This article explores the overlapping histories of close reading and mass media by attending to the late-career film and television experiments of I. A. Richards. A lifelong critic of the entertainment industry and (arguably reactionary) media theorist, Richards also spent decades experimenting with the exacting and humbling realities of media production. Spanning his abandoned collaboration with Disney, a series of Basic English teaching films (made with the artist and filmmaker Len Lye), his two educational television programs on poetry, and a number of unrealized television adaptations of Plato and Homer, this article surveys the extensive and ambivalent record of Richards’s ventures into media production. It details his painstaking efforts to reimagine and remediate the experience of poetry and the act of reading in terms of complex multisensory channels of audiovisual stimuli, positioning film and television as ideal media for poetry and as unlikely saviors of a Western humanism in crisis. Literary history, Richards suggests, can no longer be considered merely literary; if it survives, it will do so only as part of an evolving history of media.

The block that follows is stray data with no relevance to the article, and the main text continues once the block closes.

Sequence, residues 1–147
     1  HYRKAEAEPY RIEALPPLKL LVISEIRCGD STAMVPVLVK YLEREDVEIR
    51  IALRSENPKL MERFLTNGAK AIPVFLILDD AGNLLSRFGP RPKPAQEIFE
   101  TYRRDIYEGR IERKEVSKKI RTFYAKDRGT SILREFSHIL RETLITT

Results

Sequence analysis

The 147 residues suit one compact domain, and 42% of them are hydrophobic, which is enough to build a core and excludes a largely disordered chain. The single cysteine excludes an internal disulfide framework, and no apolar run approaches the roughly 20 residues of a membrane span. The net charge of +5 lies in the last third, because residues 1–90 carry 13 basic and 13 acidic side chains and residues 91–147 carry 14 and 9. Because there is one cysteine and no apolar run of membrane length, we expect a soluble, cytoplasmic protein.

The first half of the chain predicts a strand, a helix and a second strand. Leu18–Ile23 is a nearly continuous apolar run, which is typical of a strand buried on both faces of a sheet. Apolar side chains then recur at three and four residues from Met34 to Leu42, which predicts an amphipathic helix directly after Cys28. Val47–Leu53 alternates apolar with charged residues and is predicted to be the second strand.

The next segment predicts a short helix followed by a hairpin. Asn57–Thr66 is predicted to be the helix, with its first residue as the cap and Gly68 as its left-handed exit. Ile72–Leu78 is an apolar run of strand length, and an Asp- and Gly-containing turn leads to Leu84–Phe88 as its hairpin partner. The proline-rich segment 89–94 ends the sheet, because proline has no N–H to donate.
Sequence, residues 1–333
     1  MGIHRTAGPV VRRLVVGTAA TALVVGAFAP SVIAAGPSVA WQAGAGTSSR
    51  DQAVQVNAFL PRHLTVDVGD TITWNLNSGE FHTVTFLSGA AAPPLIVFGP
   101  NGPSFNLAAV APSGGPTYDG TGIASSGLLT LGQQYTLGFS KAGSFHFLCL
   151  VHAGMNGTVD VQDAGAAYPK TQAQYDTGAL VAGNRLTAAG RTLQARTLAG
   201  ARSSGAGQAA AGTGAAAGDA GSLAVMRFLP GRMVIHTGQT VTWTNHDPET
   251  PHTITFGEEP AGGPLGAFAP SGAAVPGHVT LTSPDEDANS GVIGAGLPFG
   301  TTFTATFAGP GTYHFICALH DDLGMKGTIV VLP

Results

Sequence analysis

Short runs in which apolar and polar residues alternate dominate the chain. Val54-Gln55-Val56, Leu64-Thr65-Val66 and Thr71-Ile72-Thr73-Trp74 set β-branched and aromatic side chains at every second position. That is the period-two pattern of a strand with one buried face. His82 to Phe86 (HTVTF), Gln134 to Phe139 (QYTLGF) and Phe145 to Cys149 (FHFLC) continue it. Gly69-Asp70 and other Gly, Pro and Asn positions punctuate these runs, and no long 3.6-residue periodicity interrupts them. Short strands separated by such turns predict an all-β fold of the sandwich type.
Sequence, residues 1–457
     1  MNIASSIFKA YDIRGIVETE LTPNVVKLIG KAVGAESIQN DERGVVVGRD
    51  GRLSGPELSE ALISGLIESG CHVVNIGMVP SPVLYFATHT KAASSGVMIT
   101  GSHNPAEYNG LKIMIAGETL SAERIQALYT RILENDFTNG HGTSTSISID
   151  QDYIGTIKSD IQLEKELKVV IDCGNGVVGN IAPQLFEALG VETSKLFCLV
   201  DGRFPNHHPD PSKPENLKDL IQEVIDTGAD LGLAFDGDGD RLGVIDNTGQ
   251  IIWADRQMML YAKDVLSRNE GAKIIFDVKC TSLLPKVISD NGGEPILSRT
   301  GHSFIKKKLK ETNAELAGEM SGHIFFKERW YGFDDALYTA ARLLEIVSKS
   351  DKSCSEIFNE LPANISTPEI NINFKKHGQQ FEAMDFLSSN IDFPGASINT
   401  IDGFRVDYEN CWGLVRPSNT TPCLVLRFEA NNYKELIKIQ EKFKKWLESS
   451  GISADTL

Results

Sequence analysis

You do not currently have access to this content.